The MKO, a group of Shiite Moslems opposed to the IRI, had set up operations in Iraq prior to the war’s end, and sought to invade Iran when it was weak so as to overthrow the regime.

The first wave of executions began on 19 July, the morning after Ayatollah Khomeini accepted the UN-negotiated cease fire between Iran and Iraq (Ervand Abrahamian, Tortured Confessions Prisons and Public Recantations in Modern Iran (London: University of California Press, Ltd., 1999), 209). Three days later, the MKO launched Operation Eternal Light from Iraq. Fighting between Iran and Iraq ended on August 20th (Gary Sick, “Trial by Error: Reflections on the Iran-Iraq War”, Middle East Journal 43 (2) (1989): 203-245, 231). Simultaneously, the first “ad hoc commission” to try political prisoners was established on July 27th, and the second wave of executions began on August 27 (Afshari, 110. Abrahamian, 212).

Over the past twenty-four years, little to no mainstream international attention has been given to this occurrence. As a result, this has led to efforts by groups such as the Abdorraham Boroumand Foundation (“the Foundation”), which sponsored a report by Geoffrey Robertson entitled “The Massacre of Political Prisoners in Iran, 1988, Report of an Inquiry Conducted by Geoffrey Robertson QC”. The Foundation mandate involves “the promotion of public awareness of issues concerning democracy and human rights in Iran.” In addition, the Iran Human Rights Documentation Center, an organization that documents alleged human rights abuses in Iran, has published a report on this topic entitled “Deadly Fatwa: Iran’s 1988 Prisoner Massacre”.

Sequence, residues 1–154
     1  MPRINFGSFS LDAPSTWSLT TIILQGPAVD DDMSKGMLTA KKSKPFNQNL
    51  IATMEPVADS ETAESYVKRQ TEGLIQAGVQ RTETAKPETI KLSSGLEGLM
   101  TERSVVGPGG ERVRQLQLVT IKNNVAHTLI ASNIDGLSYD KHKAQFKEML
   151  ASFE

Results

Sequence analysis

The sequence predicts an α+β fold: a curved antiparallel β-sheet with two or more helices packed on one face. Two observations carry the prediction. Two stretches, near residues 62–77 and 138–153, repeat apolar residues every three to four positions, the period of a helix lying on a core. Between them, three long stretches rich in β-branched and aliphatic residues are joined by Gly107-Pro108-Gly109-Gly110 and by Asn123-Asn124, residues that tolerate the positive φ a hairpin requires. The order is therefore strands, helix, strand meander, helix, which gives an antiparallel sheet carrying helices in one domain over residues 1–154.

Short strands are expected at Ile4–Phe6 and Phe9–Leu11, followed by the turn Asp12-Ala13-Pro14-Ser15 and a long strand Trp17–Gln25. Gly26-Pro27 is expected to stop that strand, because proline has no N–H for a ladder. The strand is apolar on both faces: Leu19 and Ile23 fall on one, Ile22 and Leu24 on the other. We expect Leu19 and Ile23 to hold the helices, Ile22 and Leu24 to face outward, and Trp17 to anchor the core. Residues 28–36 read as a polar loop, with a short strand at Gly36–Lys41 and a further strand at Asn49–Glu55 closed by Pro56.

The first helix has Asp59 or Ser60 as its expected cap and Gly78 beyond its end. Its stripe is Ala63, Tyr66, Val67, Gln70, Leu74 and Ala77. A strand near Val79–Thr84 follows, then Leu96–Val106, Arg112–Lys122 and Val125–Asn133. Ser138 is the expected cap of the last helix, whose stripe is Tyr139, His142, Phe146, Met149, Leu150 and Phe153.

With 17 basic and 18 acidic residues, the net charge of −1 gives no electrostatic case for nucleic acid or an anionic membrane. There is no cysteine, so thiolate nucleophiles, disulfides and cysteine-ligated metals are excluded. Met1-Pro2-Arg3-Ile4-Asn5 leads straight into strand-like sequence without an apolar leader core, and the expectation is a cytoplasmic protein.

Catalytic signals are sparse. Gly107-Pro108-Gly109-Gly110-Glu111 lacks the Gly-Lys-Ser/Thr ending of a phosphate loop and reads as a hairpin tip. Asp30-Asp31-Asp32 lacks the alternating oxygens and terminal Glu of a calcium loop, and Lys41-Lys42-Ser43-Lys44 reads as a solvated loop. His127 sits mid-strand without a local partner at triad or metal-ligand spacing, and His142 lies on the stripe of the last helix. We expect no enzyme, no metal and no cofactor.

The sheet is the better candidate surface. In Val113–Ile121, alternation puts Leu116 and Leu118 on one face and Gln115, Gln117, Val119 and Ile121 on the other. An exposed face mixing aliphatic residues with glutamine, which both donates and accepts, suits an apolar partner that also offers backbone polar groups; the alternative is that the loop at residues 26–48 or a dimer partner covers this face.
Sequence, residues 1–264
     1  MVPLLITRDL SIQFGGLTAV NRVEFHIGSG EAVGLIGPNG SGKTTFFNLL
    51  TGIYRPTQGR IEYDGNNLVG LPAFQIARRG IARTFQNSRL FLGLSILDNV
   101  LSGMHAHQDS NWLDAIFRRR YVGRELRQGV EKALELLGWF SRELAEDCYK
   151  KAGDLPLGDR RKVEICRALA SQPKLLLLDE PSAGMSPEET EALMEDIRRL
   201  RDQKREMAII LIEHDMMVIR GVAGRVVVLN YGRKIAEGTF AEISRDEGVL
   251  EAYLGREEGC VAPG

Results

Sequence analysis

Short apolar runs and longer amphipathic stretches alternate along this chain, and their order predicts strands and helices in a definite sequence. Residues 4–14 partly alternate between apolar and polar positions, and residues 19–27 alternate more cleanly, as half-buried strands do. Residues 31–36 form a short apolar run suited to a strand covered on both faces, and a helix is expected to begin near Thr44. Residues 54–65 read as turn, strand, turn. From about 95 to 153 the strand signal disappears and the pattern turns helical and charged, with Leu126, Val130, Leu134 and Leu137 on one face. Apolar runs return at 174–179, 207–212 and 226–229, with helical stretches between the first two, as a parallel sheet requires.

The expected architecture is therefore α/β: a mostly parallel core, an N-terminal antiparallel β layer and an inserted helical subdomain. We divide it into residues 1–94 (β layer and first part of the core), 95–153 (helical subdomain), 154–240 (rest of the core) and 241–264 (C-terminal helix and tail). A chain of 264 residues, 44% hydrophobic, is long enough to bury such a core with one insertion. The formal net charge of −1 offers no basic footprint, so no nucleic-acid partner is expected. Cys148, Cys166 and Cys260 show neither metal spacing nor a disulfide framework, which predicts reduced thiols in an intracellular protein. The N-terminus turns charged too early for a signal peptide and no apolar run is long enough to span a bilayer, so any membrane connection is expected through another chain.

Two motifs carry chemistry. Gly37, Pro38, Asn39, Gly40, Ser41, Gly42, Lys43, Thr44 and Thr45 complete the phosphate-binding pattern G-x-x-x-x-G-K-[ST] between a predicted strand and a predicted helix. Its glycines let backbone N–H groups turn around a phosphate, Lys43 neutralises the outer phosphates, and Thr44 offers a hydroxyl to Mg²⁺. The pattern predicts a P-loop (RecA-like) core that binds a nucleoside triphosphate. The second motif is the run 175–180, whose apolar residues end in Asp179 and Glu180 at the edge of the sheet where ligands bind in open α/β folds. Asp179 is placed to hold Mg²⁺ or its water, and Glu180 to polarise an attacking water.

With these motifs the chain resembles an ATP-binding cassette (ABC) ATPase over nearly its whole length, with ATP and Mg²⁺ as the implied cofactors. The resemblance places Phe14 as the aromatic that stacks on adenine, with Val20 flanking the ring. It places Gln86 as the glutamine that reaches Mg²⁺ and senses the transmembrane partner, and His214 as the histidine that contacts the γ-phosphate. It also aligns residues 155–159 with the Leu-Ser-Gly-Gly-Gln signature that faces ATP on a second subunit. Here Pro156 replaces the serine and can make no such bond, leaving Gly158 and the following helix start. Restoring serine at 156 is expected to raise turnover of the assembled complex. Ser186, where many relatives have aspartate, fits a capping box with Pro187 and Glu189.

These reports differ in estimating how many people died in this massacre. The “Deadly Fatwa” report cites estimates ranging from 1000 to Ayatollah Montazeri’s estimation of 2,800 to 3,800 Mojahedin supporters having died, which Robertson also cites. (“Deadly Fatwa”, 3; Robertson, 111)

People’s Court

As there is no serious international interest in establishing a UN-backed Tribunal or Truth and Reconciliation Commission to bring attention to this massacre, (Robertson, 1-12) there are efforts underway to bring a type of closure, to the matter, in the form of a Truth and Reconciliation Commission and, eventually, an International Tribunal established by the surviving victims and their families.  This tribunal would not be an official governmental or legal institution, but those behind it hope that it would “ac[t] as a court of the people, a Tribunal of conscience, faced with injustices and violations of international law.”